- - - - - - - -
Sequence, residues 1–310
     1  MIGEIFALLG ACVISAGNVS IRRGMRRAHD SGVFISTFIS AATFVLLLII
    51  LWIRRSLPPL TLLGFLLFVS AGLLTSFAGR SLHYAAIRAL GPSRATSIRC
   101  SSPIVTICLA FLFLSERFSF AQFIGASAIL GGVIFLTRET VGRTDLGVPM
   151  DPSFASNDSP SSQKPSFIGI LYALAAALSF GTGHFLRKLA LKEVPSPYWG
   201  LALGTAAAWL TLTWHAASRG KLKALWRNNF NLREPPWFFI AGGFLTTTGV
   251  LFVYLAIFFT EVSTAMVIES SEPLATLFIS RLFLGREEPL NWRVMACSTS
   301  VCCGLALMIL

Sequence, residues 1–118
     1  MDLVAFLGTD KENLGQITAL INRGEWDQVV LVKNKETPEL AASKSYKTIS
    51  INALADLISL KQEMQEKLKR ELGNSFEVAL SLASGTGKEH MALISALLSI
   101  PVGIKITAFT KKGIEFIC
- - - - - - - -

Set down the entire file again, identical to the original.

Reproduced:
Sequence, residues 1–310
     1  MIGEIFALLG ACVISAGNVS IRRGMRRAHD SGVFISTFIS AATFVLLLII
    51  LWIRRSLPPL TLLGFLLFVS AGLLTSFAGR SLHYAAIRAL GPSRATSIRC
   101  SSPIVTICLA FLFLSERFSF AQFIGASAIL GGVIFLTRET VGRTDLGVPM
   151  DPSFASNDSP SSQKPSFIGI LYALAAALSF GTGHFLRKLA LKEVPSPYWG
   201  LALGTAAAWL TLTWHAASRG KLKALWRNNF NLREPPWFFI AGGFLTTTGV
   251  LFVYLAIFFT EVSTAMVIES SEPLATLFIS RLFLGREEPL NWRVMACSTS
   301  VCCGLALMIL

Sequence, residues 1–118
     1  MDLVAFLGTD KENLGQITAL INRGEWDQVV LVKNKETPEL AASKSYKTIS
    51  INALADLISL KQEMQEKLKR ELGNSFEVAL SLASGTGKEH MALISALLSI
   101  PVGIKITAFT KKGIEFIC